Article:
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Thousands of bird watchers descended on the Wildfowl and Wetlands Trust in Slimbridge, Gloucestershire to see the rare trap bird

Where is the small stairwell? Thousands of twitchers flock to the wildlife park hoping for & # 39; very rare & # 39; to spot birds just a few days after it was first seen in 73 years

  • Thus & # 39; n 2000 bird watchers saw a glimpse of the & # 39; very rare & # 39; trap bird
  • Twitchers bird descended on Wildfowl and Wetlands Trust in Gloucestershire
  • Martin McGill called it a & # 39; mega sighting & # 39; and cursed when he first saw the bird
  • The last reported sighting of the bird in Gloucestershire was in May 1946
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Thousands of birdwatchers have gathered in a nature reserve to catch a glimpse of a & # 39; very rare & # 39; kickbird in the United Kingdom.

The small stairwell has not been visible in the Gloucestershire area since 1946, but wildlife enthusiast Martin McGill saw one on Sunday.

The news of the sight spread quickly and then thousands of twitchers, bird lovers who make every effort to find rare birds, descendants of the Wildfowl and Wetlands Trust in Slimbridge.

About 2,000 twitchers in line for the chance to win the & # 39; mega & # 39; to see and photograph rare sightings.

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Thousands of bird watchers descended on the Wildfowl and Wetlands Trust in Slimbridge, Gloucestershire to see the rare trap bird

Thousands of bird watchers descended on the Wildfowl and Wetlands Trust in Slimbridge, Gloucestershire to see the rare trap bird

Reserve guard McGill said: I swear and used some very naughty words when I saw it, but it is extremely rare.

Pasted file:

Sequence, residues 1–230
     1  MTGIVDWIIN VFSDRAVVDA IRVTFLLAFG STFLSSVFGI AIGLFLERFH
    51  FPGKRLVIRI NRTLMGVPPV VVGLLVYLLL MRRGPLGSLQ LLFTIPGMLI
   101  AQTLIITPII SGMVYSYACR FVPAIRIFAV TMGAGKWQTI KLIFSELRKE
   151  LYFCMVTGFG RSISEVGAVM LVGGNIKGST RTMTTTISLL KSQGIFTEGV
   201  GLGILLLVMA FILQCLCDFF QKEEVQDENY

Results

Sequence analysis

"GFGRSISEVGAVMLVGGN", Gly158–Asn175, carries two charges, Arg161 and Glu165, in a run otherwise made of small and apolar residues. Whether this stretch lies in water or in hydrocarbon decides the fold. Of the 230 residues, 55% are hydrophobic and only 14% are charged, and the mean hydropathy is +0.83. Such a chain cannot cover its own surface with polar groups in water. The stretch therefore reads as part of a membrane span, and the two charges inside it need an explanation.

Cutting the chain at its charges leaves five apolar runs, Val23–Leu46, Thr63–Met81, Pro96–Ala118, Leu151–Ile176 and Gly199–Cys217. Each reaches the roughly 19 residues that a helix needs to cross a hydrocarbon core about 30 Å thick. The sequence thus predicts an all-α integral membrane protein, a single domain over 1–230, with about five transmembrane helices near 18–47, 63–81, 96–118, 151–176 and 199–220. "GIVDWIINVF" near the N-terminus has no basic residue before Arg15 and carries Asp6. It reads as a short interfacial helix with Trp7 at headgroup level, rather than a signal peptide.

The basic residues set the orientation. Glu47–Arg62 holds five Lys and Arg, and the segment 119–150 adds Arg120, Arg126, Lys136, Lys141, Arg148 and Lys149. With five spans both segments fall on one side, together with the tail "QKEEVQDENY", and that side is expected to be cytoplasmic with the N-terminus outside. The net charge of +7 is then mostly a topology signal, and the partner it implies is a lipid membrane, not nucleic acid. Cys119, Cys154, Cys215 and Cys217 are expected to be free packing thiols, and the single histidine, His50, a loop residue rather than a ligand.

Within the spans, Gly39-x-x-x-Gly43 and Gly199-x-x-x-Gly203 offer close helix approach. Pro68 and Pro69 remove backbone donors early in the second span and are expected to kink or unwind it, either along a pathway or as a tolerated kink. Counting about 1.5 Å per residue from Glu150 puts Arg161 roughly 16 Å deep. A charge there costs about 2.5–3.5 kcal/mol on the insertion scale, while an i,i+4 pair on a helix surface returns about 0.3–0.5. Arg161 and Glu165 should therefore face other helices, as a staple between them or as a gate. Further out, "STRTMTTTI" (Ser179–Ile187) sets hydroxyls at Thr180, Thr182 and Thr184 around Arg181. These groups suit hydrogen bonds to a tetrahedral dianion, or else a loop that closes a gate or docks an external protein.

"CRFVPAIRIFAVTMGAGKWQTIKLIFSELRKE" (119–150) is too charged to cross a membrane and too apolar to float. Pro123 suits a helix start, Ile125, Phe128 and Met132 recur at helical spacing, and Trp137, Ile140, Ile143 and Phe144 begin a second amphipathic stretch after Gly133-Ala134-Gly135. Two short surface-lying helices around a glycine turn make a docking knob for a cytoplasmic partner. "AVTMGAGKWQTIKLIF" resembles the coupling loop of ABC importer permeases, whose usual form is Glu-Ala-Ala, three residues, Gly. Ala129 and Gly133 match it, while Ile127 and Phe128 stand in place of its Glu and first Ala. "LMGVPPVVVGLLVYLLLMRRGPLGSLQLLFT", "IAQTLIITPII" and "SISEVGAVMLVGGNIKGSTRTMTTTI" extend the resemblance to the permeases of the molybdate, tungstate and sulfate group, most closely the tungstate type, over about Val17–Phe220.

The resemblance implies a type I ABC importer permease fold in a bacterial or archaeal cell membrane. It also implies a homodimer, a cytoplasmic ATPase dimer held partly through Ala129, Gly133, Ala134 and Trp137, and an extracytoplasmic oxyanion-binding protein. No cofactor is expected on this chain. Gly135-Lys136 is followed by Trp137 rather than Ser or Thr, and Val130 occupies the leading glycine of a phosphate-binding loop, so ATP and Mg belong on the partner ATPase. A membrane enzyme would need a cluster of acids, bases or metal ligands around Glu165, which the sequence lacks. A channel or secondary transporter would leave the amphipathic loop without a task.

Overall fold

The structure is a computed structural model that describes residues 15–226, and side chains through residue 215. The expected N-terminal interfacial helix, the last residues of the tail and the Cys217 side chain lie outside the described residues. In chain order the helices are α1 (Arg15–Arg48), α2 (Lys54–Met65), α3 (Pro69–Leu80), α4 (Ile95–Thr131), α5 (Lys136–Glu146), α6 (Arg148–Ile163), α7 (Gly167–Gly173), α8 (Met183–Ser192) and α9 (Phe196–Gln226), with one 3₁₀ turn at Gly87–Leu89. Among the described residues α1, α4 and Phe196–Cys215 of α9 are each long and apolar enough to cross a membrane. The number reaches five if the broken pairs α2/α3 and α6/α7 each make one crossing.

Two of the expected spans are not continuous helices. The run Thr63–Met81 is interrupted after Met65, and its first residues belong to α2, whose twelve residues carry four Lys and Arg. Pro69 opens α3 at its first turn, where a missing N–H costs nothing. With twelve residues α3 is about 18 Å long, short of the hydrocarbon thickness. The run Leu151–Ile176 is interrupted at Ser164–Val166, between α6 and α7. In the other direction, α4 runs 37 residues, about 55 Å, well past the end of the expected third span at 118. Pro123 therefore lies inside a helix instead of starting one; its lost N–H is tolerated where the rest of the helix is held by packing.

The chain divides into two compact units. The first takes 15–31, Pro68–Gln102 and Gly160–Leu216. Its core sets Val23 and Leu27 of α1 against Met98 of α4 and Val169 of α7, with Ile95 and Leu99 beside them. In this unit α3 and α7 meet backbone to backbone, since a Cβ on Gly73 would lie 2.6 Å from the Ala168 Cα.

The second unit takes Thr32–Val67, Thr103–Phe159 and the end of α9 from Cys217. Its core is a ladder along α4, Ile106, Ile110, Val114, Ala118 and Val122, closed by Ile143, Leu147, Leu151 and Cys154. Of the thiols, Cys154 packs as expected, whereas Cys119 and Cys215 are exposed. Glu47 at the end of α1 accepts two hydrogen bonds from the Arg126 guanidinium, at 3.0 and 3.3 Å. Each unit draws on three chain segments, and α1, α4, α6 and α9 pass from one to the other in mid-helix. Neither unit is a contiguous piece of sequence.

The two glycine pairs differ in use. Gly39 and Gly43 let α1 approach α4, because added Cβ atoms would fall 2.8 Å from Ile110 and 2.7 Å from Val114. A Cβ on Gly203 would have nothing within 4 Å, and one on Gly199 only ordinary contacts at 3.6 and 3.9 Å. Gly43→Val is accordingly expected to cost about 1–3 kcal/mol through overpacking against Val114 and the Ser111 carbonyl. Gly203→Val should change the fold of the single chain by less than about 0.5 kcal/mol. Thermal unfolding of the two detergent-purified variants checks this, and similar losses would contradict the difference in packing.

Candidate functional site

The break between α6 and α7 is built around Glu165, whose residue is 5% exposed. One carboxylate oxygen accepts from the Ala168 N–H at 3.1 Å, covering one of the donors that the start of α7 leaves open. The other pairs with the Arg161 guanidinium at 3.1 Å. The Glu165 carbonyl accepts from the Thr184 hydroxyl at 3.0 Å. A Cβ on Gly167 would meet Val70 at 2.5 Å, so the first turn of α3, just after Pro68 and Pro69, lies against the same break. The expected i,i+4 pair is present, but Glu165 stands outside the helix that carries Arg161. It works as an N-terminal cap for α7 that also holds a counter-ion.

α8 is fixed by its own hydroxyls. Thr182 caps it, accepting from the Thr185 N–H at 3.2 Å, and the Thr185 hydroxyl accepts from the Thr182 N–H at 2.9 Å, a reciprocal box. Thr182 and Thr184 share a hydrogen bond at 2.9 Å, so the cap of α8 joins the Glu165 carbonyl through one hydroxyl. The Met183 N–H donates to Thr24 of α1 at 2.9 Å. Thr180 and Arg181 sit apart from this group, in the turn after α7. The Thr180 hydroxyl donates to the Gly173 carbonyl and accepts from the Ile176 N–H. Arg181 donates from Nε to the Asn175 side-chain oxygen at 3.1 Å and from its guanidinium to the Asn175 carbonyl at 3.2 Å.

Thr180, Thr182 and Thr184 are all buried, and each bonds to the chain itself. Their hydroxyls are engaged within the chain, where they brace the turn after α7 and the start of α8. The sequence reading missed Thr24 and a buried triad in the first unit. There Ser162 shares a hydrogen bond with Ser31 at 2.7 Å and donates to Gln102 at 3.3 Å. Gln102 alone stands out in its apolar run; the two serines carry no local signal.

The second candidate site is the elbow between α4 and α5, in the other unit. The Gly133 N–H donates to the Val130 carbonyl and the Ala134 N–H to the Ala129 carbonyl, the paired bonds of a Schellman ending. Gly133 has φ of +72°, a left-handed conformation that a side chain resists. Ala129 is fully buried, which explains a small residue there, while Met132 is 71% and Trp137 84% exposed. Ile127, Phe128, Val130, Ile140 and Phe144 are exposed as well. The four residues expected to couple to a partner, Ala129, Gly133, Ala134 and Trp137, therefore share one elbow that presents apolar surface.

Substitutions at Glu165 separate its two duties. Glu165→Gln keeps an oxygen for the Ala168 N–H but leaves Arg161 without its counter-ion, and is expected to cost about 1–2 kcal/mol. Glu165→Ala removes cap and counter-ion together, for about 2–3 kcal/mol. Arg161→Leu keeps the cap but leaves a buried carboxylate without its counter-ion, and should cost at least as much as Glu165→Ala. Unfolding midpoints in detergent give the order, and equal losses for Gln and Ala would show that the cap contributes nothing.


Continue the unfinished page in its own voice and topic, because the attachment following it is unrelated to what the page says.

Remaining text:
& # 39; This is a mega observation, so we probably have around 2000 people now. It is important for many people, so we hope it stays this weekend. & # 39;

He said his first reaction when he saw that the & # 39; extremely rare & # 39; male bird & # 39; cannot be published & # 39 ;.

Tony Whitehead, of the RSPB, said: & # 39; It is a rather scarce bird, there have only been 27 visits from the small stairs to the UK since 1950.

About 2000 twitchers, bird lovers who make every effort to find rare birds, stand in line for the chance to win the & # 39; mega & # 39; rare sighting of the trap bird (stock image) to see and photograph

About 2000 twitchers, bird lovers who make every effort to find rare birds, stand in line for the chance to win the & # 39; mega & # 39; rare sighting of the trap bird (stock image) to see and photograph

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About 2000 twitchers, bird lovers who make every effort to find rare birds, stand in line for the chance to win the & # 39; mega & # 39; rare sighting of the trap bird (stock image) to see and photograph

Tony Whitehead, of the RSPB, said: & # 39; It is a rather scarce bird, there have only been 27 visits from the small stairs to the UK since 1950 & # 39 ;. The last reported sighting was also in May 1946 in Gloucestershire

Tony Whitehead, of the RSPB, said: & # 39; It is a rather scarce bird, there have only been 27 visits from the small stairs to the UK since 1950 & # 39 ;. The last reported sighting was also in May 1946 in Gloucestershire

Tony Whitehead, of the RSPB, said: & # 39; It is a rather scarce bird, there have only been 27 visits from the small stairs to the UK since 1950 & # 39 ;. The last reported sighting was also in May 1946 in Gloucestershire

What is the trap bird:

The trap bird is one of the heaviest flying birds and can weigh up to 21 kg.

They can be found in grasslands in Europe, from Spain to Russia, but also in Asia, around Kazakhstan, Mongolia and China.

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The staircase is an endangered species that became extinct nationally in the UK when the last one was shot in 1832.

Source: RSPB and GreatBustard.org

& # 39; But the last few days there has (also) been an influx of painted lady butterflies with the warm weather, so it is possible that the very hot weather in France and Spain is causing a little movement. & # 39;

The small staircase is a large bird in the staircase family and breeds in Southern Europe and in West and Central Asia.

The southernmost European birds are mainly resident, but other population groups migrate further south in the winter.

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The last reported sighting was also in May 1946 in Gloucestershire and in 2014 in Great Britain.

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